Drinking in Korea (an absolutely alcoholic guide)

Are you familiar with Blackout Korea?

I wasn’t before I came here, and I might not be now, if the downstairs patio of my building wasn’t a perpetual Drunken Uncle convention. On any given morning,  a number of sketchy-looking middle-aged men can be seen passed out in their chairs, surrounded by far too many empties, cigarette burning into an ever-lengthening ash in their hand. I asked my lovely host if this is common public patio behavior, and was directed to be above website.

It’s not a hugely common thing–I mean, it’s not like masses of people are sprawling about common areas in a drunken stupor EVERY day at 11, or even most days. But drinking culture here is definitely…vibrant. This is due mostly to the ridiculous cheapness of alcohol, and the complete lack of open container laws.

Soju is, hands-down, the cheapest way to artificially lose your inhibitions–$4 buys you almost 2 L, and depending on the brand, it’s 17-45% alcohol by volume (have fun guessing! I’ve yet to see a brand with this information listed on the label). It’s tasteless (maybe slightly sweet?), and colorless.

Soju

Foreigners tend to do really classy things, like throw a bottle in a bag for drink mixing out-and-about, while Koreans seem to be more likely to take it neat. When I hear the phrase “taken neat”, I tend to think about aged scotch in a clear glass tumbler, resting casually in the large, manly hand of someone with a well-groomed mustache and too much money, probably consumed in front of the fireplace of a warm and well-furnished master den as a blizzard rages outside. Soju, taken neat, is…not like that. More classy than mixing-on-the-go, less classy than anything served in a clear glass tumbler anywhere.

Soju is the mixer I suppose vodka tries to be–it just does it better. You’d have to mix SO MUCH Soju with something to detect that it was spiked at all, and it gets thrown into everything. Anything sold in tiny convenience store bottles is fair game, beer is fair game (it’s really common to do that in restaurants), coffee is fair game (because who needs FourLoko?).

For those who want mixed drinks (in the most literal sense) on the tightest of budgets, convenience stores also have these little juice or coffee packs (similar in packaging to capri sun?) you can buy for $1. And, because convenience stores here take that classification very seriously, they will pour your coffee/juice into a provided cup of ice for you (with lid and straw!)…and let you just go ahead and spike it right there on the counter. I cannot imagine how it could possibly be any more convenient. For you mathematicians out there, that means that if you buy the $1 juice/tea/coffee, and add 3-5oz of soju (at the price of about 6 cents an oz, from either the $4 1.8 L bottle or the $1 .5L bottle, which is small enough to fit into the average purse), you can get a pretty formidable drink for $1.18-$1.30. And because you’re in Seoul, you can carry that cheap drink with you and consume it all the live-long day. And because there are convenience stores at least every 2 blocks, you can do that forever and ever amen, without ever hitting a bar.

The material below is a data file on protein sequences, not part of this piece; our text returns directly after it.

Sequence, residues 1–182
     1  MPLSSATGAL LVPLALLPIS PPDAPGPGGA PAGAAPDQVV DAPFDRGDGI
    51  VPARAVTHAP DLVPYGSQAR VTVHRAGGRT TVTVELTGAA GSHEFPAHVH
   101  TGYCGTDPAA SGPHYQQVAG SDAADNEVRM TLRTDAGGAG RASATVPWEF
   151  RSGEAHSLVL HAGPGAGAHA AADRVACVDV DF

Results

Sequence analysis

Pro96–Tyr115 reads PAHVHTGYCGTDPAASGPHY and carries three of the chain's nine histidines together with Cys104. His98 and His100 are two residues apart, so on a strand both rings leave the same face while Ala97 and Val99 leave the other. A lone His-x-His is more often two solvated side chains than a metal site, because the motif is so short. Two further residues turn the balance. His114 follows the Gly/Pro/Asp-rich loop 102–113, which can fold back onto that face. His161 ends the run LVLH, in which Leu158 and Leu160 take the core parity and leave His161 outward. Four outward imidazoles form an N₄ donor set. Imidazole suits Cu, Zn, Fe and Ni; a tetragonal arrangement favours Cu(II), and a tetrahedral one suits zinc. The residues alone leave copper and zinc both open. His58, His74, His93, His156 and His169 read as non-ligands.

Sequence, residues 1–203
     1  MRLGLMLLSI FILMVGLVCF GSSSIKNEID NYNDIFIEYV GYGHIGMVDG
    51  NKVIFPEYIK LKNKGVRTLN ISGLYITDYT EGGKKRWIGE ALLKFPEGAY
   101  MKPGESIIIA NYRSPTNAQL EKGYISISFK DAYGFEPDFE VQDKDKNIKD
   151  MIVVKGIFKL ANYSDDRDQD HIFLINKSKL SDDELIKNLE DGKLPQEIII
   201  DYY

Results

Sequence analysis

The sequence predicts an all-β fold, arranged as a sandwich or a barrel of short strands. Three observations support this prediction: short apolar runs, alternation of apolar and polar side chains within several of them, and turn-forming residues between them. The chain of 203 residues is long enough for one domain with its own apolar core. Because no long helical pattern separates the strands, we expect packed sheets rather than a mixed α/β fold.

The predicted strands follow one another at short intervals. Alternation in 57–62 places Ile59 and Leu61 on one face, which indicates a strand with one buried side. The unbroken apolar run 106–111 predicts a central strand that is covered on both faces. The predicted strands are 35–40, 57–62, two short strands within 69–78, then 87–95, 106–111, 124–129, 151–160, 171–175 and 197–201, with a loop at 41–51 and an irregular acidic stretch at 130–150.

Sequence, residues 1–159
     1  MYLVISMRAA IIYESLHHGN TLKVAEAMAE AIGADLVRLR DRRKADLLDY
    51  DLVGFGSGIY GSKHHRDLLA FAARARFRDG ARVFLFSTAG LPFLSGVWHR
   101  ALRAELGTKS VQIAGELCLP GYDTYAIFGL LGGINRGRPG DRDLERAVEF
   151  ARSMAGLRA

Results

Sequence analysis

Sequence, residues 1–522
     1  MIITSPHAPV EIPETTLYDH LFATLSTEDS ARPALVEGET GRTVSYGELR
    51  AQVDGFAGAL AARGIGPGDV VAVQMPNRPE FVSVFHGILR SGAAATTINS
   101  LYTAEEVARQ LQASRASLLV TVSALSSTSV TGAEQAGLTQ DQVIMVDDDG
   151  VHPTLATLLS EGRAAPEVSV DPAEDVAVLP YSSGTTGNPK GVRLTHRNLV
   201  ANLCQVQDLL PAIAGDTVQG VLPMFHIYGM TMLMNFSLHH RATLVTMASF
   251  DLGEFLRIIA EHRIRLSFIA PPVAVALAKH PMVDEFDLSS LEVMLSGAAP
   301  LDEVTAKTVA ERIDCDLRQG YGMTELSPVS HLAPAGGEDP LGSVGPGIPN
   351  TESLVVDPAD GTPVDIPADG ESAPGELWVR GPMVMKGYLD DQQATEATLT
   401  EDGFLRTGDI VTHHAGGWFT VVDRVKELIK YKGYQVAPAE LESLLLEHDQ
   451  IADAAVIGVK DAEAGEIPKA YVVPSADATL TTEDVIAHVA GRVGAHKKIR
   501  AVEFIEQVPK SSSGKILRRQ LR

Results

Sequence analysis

If Soju isn’t your thing, you can always hit a bar and order something familiar. Might I suggest a Hot6 and vodka (Hot6 is essentially Redbull)? Because everyone will, invariably, refer to the drink as a “hot sex and vodka”, and how funny you find this is a good gauge for how soon you should stop drinking.

The beer selection, barside or otherwise, is in general not awesome, but I say that coming from Austin, and we’re all hipster-proud of our craft brews. Heineken is always easy to find, Budweiser’s available, and there are lots of japanese beers to be had. These can all be bought relatively cheaply ($1-3 per can or bottle), in various quantities at (where else?) your local convenience store.

You can drink here, you can drink there, you can drink anywhere, but if it’s the weekend, you should probably be drinking in Hongdae (cheap and full of clubs, with a free park that is generally full of foreigners who are happy to gather and mingle and speak english) or Gangnam (like the song. More expensive than Hongdae, a bit classier, caters to a slightly older-but-no-more-responsible crowd). The subway system closes down around 1, and won’t reopen until 5:30, but there are cabs aplenty, and lots of options for staying out–the clubs don’t close, restaurants will be open and willing to give sobering patrons all the water they need, and you can buy a temporary stay at a public bathhouse for $10-$15.

And all of those options are better than blacking out with the drunken uncles.

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Categories: Travels | 1 Comment

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One thought on “Drinking in Korea (an absolutely alcoholic guide)

  1. lostalreadyinmy20s

    Reblogged this on Seoul Train and commented:
    So much truth

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